New Mexico film locations are often kept as close-guarded secrets by production companies. Actors and crew members have to sign non-disclosure agreements promising not to reveal the exact location where a movie or TV show is being filmed. Journalists are asked not to share photos or locations to the public, and the city’s film location data portal only lists some older, non-residential sites where filming permits were approved.
One of the reasons for keeping locations secret is to prevent fans from visiting the homes of private property owners where films have been shot. In 2015 Fran Padilla, owner of Walter White’s house in “Breaking Bad,” complained that fans were throwing pizzas on his roof to re-enact a scene from the popular TV series filmed in Albuquerque.
“We’ve had pizzas on our roof. We’ve had pizzas on our driveway; pizzas until we’re sick of looking at pizzas,” Padilla is quoted as saying by NPR. “We have people that want to come by and re-create the pizza scene.”
It’s not just residential properties production companies are worried about. Fans who show up during filming can disrupt and delay production. Those in the industry call them bogeys, stemming from the term used to call out unidentified aircraft, as these unidentified people will try and get into scenes and even harass actors and crew members.
But, as “Breaking Bad” tours and “Stranger Things” skate nights have proven, making film locations known to the public can be good for business. On Sept. 30, Netflix launched the website Netflix in Your Neighborhood: New Mexico, which showcases popular film locations in New Mexico as a way to highlight its films and to boost tourism in the state.
“New Mexico provides an iconic backdrop for our films and series that are watched by our hundreds of millions of members around the world,” said Nick Maniatis, director of studio and production affairs at Netflix. “We know that falling in love with a show can also mean falling in love with a place, so we built this website to make it easier for our fans to find and visit the beautiful New Mexico locations we use every day.”
The website, NetflixNM.com, provides maps and filming locations of the Netflix productions “Stranger Things 4,” “End of the Road,” “The Harder They Fall,” “Army of the Dead” and “Daybreak”.
In “Stranger Things 4” Episode 2, local La Cueva High School actor Alex Wagenman can be seen bullying the character known as Eleven at “Rink-O-Mania,” the popular Roller King skating rink near Juan Tabo and Interstate 40, now commonly called Skate-O-Mania. During a recent visit to the skating rink, napkins were displayed on tables advertising the Netflix website asking visitors if they wanted to sit in the same booth that Eleven sat at during filming.
Roller King also hosted a Stranger Things-themed skate night on Sept. 30, an obvious boon for the business. A description of the location on the NetflixNM.com website reads, “Albuquerque’s Skate-O-Mania sparkles as the 80’s style neon lights and arcade games shine bright while Will, Mike, and Eleven power through a tense night. Angela and her Lenora High clique bully Eleven for the last time here at Skate-O-Mania.”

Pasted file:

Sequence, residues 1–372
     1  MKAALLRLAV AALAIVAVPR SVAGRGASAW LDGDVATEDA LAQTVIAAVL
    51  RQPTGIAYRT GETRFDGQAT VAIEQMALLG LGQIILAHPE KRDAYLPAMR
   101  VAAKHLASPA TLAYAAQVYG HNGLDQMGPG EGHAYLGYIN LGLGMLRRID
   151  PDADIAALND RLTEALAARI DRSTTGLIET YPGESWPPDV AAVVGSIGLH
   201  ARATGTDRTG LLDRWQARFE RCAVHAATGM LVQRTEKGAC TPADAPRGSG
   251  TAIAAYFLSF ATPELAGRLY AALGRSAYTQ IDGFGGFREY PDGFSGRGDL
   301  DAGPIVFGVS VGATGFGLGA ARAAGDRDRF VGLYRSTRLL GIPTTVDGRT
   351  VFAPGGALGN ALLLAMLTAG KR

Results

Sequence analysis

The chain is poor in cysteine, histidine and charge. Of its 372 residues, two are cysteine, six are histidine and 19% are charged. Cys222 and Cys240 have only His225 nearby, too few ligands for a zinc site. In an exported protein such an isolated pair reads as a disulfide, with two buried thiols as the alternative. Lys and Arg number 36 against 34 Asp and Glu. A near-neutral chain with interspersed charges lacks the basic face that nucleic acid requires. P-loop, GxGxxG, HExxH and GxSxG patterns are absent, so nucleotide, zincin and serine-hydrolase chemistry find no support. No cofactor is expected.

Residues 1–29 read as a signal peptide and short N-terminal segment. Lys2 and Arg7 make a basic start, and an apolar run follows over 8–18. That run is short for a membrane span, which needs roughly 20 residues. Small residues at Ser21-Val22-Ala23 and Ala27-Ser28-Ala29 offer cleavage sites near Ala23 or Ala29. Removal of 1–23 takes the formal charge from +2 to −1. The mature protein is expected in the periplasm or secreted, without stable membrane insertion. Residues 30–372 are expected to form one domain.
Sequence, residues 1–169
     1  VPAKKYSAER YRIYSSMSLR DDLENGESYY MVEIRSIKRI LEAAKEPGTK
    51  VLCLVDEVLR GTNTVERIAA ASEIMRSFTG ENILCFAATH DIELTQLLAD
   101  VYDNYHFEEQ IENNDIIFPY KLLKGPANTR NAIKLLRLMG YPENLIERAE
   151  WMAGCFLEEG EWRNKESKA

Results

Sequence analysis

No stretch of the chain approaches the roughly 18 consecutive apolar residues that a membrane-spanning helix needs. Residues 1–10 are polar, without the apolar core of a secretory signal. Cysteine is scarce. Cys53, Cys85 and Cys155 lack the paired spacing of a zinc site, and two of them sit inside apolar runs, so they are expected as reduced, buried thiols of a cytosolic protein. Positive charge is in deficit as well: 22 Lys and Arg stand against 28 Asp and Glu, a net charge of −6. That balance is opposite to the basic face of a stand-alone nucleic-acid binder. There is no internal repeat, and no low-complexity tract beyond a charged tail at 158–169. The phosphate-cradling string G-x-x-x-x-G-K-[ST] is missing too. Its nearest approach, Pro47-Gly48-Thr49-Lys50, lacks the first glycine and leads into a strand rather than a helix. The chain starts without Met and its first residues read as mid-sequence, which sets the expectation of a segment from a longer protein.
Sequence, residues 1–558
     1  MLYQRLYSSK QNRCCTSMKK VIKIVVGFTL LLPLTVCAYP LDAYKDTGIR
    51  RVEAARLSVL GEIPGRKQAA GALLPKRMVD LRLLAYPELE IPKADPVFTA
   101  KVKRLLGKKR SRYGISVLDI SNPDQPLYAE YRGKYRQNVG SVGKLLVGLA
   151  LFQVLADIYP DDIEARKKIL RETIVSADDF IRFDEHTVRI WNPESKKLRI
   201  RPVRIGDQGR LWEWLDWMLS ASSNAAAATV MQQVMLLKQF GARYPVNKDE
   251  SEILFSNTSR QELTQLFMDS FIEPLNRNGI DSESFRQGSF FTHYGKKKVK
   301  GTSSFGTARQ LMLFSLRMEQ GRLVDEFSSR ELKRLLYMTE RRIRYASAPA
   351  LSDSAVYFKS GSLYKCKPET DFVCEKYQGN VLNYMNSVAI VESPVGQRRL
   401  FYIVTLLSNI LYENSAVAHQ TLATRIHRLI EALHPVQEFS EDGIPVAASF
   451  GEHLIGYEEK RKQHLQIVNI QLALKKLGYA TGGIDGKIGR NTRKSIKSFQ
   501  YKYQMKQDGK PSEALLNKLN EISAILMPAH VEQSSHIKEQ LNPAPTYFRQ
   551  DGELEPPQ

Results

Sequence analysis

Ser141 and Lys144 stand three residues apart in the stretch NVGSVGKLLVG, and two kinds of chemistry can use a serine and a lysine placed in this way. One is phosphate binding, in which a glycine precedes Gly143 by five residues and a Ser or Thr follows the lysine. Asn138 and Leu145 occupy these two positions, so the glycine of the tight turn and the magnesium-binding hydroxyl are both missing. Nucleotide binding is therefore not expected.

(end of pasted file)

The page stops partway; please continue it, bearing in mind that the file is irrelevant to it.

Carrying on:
Boosting tourism, making money for New Mexicans
According to a Sept. 30 New Mexico Film Office press release, the website underscores Netflix’s commitment to the state. “From 2019-2021, Netflix spent more than $250 million on local production expenditures in New Mexico and the company is committed to an additional $1 billion in production spending over the next decade. More than 5,000 cast and crew jobs have been created for New Mexico residents during this time.”
On the home page of the Netflix in Your Neighborhood site, it says, “Globally, those that watch local content on Netflix are 2.4x more likely to say it’s their #1 travel destination.” The site says that people who watch content on Netflix become more interested in local landmarks, filming location history, food and drink and its people. “With 200M+ members from 190+ countries, Netflix is uniquely positioned to offer members high levels of exposure to diverse, local content.”
In 2018, Netflix purchased Albuquerque Studios and in 2020 began expanding the studios with expansion expected to be complete by 2024. It’s not just Netflix that’s raking in the cash, though. Money spent on film and TV productions benefits New Mexicans through taxes, jobs and direct spending at local businesses.
According to New Mexico Film Office statistics, in fiscal year 2022, $855.4 million of direct spending from the industry went into the state’s economy and 109 film and TV projects were produced in New Mexico. “Film production supports hundreds of businesses and thousands of jobs across the state,” NMFO’s website says. “With more than $5.75 billion in production spend in New Mexico, it’s one of the state’s fastest-growing industries.”
Current and past productions
A handful of movies and TV shows were or are being filmed in Albuquerque’s Northeast Heights, including “The Cleaning Lady,” a Fox production where the setting is in Las Vegas, Nevada, but actual film locations include an alleyway near Wyoming and Menaul and a familiar office building off Jefferson.
Nickelodeon’s animated series “Loud House,” ABC’s “Big Sky,” and the Apple TV series “Echo 3” all have scenes filmed in and around the Northeast Heights as well. Outside of Albuquerque, CW’s hit series “Walker: Independence” is being filmed in Santa Fe and the filming of “Squealer” and “Bad Hombres” in Las Cruces was announced earlier this year.
Other productions filmed in New Mexico include “Sirocco,” “Easy-Bake Battle,” “The Locksmith,” “Rude Girl,” “Outlaw Land,” “Rust,” “Saving Faith,” “Maggie Moore(s),” “Bullsh*t… The Game Show” and many, many more.
To see a list of other films produced in New Mexico, visit nmfilm.com/news/in-production-now.